If I had one criticism of Attack of the Copula Spiders—if this even counts as a criticism—it’s that many of the excellent technical bits that Glover provides often lack concrete examples from the world of literature. I often found myself wanting to write “For instance?” in the margins of the book, especially during the “How to Write a Short Story” essay, where there is a paucity of quotes from canonical short stories that would help illustrate the (very fine) points Glover is making. If Attack of the Copula Spiders shares a kinship with any one writing manual, it would be James Wood’s How Fiction Works; but whereas Wood appears to have the entire body of English literature at his fingertips, serving up examples hand over fist, Glover seems sometimes to limit his examples to just a handful of books in any particular section. Often, these examples come from his own works of fiction.
But this doesn’t detract much from the overall value of Attack of the Copula Spiders as a resource for both intermediate and experienced authors. It can hold its own with any of the writing manuals mentioned above, and is as rich and engaging as they come. Glover is a pro and well worth paying attention to.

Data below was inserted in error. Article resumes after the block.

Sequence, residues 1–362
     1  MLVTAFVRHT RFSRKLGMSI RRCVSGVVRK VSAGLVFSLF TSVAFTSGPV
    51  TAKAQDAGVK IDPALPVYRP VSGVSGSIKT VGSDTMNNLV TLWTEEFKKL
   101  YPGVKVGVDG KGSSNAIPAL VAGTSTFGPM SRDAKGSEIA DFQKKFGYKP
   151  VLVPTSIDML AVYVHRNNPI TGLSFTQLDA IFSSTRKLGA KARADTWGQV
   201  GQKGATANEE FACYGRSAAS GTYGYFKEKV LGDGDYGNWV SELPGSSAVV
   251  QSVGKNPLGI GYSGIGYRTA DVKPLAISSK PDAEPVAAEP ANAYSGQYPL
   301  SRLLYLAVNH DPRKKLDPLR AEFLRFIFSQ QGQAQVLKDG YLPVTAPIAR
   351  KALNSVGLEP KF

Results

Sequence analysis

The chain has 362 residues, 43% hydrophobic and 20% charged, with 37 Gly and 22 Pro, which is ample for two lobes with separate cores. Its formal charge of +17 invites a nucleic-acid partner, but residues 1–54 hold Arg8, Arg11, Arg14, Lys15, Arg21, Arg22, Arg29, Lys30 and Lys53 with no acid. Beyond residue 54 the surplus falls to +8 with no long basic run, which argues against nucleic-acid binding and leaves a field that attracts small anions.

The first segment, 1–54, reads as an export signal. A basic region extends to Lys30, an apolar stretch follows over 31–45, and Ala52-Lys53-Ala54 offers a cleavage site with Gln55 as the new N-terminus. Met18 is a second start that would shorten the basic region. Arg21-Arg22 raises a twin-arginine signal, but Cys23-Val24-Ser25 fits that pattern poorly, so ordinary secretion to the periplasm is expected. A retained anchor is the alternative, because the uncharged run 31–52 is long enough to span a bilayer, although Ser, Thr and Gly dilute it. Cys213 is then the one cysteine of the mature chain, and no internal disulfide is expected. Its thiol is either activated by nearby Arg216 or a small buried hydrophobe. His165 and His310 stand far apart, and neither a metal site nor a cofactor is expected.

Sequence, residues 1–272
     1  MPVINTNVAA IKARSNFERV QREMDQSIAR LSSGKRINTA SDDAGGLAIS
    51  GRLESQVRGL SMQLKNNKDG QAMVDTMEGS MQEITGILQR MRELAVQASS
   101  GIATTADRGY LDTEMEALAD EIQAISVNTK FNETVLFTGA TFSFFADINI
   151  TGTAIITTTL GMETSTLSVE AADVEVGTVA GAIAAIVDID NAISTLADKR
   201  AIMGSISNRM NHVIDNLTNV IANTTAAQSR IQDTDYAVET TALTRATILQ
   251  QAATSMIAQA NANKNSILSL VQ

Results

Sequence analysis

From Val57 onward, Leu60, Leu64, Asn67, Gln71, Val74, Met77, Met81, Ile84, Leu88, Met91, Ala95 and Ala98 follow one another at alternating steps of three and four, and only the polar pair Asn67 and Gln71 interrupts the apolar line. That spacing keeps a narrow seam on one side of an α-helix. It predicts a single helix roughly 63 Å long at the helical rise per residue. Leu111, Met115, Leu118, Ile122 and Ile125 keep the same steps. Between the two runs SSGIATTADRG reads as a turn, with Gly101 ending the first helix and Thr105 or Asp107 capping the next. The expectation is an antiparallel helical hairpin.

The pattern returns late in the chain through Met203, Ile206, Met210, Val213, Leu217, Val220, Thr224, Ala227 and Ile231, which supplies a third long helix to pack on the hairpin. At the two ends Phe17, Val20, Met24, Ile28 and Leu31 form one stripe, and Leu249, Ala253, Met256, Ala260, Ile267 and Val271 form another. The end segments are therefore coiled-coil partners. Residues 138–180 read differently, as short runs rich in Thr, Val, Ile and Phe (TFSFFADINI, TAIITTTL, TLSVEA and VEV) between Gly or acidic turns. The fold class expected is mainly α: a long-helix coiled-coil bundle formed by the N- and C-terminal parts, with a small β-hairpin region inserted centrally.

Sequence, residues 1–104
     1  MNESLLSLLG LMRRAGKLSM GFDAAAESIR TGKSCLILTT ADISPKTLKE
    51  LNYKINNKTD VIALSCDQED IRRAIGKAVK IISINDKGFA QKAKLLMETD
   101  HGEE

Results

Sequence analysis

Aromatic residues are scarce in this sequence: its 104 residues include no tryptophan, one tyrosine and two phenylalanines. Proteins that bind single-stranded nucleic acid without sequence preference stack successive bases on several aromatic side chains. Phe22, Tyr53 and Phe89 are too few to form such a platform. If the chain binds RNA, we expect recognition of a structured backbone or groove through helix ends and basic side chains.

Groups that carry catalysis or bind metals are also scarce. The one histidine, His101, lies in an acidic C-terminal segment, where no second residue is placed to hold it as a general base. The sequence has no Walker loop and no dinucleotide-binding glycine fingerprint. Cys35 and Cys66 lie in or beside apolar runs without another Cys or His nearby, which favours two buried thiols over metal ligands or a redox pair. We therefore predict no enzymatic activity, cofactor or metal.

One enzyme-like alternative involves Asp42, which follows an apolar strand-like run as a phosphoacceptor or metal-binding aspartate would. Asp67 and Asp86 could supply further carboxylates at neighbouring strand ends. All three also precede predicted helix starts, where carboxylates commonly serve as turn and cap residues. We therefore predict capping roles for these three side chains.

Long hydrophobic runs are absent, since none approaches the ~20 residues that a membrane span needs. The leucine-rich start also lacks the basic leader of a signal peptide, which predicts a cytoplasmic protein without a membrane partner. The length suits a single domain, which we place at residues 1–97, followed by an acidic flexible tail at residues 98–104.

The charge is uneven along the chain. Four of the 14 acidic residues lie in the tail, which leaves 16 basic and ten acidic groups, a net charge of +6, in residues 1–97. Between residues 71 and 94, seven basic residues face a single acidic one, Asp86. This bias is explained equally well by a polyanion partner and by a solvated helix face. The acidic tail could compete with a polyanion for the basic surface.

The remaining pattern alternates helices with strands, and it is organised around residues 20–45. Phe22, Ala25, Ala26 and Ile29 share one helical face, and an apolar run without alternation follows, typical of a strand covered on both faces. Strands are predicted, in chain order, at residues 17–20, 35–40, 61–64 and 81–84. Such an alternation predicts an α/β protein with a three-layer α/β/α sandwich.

Monday, May 7, 2012
In his luminous and bewitching new collection of poetry, Bruce Taylor uses his artistic eye to find the big worlds contained within little things. In a suite of 30 new pieces that complement a selection of older work going back nearly 25 years, Taylor examines the macro complexities that exist inside small, everyday objects or experiences.
The title of the collection, No End in Strangeness, comes from the second poem in the book, a long piece called “Little Animals” (“And there is no end to them,/ no end in numbers,/ and no end in strangeness/ no end to their appetites…”) where Taylor writes about the clockwork machinations of scientific exploration and the bodily richness one finds in the animal world. The poem begins with
That old book has a million moving parts,
and when you open it to look inside,